Common law relationships
A common law relationship is one in which two members of the same or of the opposite sex has been living together in a conjugal relationship for at least one year. The year of living together must be a continuous 12-month period.
To succeed in proving the existence of a common-law relationship, you and your partner will have to provide documents that prove that you and your common-law partner have combined your affairs and have set up your household together in one home. This could include:
- joint bank accounts or credit cards;
- joint ownership of a home;
- joint residential leases;
- joint rental receipts;
- joint utilities (electricity, gas, telephone);
- joint management of household expenses;
- proof of joint purchases, especially for household items; or
- correspondence addressed to either person or both people at the same address
What can a couple do if they have not been able to live together continuously for one year, but in all other respects, the couple is similar to a common-law couple or a married couple?
Where a Canadian permanent resident or citizen is seeking a way to sponsor his or her same sex or partner of the opposite sex, that person may opt to sponsor their partner as a conjugal partner.
The conjugal partner category was created for exceptional circumstances – for foreign national partners of Canadian or permanent resident sponsors who would ordinarily apply as common-law partners but for the fact that they have not been able to live together continuously for one year, usually because of an immigration impediment. It applies to couples of the same sex or of the opposite sex who have been in a bona fide conjugal relationship for a period of at least one year.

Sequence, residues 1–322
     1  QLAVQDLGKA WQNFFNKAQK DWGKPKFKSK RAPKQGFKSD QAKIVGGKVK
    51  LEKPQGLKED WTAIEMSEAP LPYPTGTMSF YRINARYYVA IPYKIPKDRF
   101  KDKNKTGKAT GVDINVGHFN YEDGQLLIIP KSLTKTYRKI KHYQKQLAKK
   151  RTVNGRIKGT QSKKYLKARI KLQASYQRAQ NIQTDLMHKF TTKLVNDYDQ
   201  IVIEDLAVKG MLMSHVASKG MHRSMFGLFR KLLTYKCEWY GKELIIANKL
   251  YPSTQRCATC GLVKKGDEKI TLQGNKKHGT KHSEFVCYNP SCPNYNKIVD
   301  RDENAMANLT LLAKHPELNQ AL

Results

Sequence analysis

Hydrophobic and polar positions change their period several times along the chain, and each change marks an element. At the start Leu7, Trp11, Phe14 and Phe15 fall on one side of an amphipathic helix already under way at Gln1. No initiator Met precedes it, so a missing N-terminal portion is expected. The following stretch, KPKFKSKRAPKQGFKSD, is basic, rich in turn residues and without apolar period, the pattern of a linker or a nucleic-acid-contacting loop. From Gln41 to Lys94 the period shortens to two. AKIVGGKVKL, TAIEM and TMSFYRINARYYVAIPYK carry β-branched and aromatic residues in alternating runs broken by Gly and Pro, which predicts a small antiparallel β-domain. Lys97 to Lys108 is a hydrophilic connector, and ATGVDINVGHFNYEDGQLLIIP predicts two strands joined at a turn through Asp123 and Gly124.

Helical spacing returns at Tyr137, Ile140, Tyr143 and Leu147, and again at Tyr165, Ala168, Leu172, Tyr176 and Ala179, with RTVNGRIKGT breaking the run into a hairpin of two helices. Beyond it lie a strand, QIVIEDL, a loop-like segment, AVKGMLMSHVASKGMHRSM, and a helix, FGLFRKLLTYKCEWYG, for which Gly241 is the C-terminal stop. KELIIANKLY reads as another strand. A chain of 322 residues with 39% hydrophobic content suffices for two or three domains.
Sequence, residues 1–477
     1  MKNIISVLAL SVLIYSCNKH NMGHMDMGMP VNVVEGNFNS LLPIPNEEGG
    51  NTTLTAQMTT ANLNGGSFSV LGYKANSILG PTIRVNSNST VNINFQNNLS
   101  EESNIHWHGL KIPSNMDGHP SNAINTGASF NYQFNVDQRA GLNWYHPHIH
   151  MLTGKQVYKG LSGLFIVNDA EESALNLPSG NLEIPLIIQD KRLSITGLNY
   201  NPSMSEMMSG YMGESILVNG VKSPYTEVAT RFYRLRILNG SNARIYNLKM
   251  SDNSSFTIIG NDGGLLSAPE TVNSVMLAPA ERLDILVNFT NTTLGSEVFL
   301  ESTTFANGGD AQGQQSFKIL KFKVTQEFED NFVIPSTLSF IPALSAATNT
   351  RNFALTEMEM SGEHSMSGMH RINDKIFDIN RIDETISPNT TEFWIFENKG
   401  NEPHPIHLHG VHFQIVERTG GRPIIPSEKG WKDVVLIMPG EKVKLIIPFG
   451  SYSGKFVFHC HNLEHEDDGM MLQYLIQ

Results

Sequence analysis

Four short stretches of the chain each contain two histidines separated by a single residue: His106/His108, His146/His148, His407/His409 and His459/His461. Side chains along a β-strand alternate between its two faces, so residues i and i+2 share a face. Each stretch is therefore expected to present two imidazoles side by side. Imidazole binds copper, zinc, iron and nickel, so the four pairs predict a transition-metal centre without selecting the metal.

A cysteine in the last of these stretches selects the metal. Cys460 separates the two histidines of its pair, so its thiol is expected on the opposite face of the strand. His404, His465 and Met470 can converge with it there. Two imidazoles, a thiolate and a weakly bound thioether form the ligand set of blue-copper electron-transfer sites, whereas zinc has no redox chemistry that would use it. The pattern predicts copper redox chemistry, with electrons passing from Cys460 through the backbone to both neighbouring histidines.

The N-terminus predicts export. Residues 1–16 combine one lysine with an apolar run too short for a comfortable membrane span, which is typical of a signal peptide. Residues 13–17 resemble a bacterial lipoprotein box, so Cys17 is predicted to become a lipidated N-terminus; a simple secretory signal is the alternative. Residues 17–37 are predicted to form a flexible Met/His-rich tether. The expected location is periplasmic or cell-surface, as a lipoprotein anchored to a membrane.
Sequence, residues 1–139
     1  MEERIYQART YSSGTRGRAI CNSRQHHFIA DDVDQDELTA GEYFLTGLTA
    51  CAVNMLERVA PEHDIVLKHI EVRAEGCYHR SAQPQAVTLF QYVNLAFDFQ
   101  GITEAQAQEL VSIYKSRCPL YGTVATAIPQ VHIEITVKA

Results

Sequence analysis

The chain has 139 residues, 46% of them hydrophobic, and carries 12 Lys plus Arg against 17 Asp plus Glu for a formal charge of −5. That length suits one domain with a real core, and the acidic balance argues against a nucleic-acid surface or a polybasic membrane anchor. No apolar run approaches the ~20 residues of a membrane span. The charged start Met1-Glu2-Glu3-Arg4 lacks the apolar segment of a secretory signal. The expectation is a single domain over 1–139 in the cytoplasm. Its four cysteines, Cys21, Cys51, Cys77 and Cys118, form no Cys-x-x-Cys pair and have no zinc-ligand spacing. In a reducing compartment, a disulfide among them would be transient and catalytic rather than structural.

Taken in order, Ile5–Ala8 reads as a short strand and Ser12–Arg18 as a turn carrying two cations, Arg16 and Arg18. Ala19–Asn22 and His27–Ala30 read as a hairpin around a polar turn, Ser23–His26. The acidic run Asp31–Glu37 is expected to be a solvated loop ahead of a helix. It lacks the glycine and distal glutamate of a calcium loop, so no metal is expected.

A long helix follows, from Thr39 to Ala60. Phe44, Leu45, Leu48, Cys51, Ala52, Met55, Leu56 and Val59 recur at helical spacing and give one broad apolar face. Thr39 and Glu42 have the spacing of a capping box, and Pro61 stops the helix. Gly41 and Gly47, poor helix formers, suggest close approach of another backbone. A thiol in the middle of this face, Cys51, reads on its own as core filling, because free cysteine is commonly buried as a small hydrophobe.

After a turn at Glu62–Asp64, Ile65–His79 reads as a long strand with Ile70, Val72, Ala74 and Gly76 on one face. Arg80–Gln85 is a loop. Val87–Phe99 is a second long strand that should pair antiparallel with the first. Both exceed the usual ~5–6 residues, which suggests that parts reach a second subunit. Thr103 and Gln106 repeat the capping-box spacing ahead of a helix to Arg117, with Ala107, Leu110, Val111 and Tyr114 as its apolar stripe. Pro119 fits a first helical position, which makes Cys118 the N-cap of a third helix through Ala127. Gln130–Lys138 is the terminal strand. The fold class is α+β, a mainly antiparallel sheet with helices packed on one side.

A conjugal relationship is more than a physical relationship. It is a physically, emotionally and financially interdependent relationship, and it has some permanence and the same level of commitment as a marriage or a common-law union.
You may apply as a conjugal partner if:
- You have maintained a conjugal relationship with your sponsor for at least one year;
- You have been prevented from living together or marrying because of:
- an immigration barrier;
- your religion; or
- your marital status (e.g., you are married to someone else and living in a country where divorce is not possible); or
- your sexual orientation (e.g., you are in a same-sex relationship and same-sex marriage is not permitted where you live);
- You can provide evidence of an impediment to living together (e.g., evidence of refused long-term stays in each other’s country).
Please note that conjugal partners do not qualify as dependent family members for the purposes of applications under the skilled worker class, the business class or other applicants filing under the economic class.
The above-mentioned rules may be subject to ongoing policy changes. Interested applicants may wish to complete our assessment questionnaire or contact Attorney Colin Singer by email – [email protected], for further information.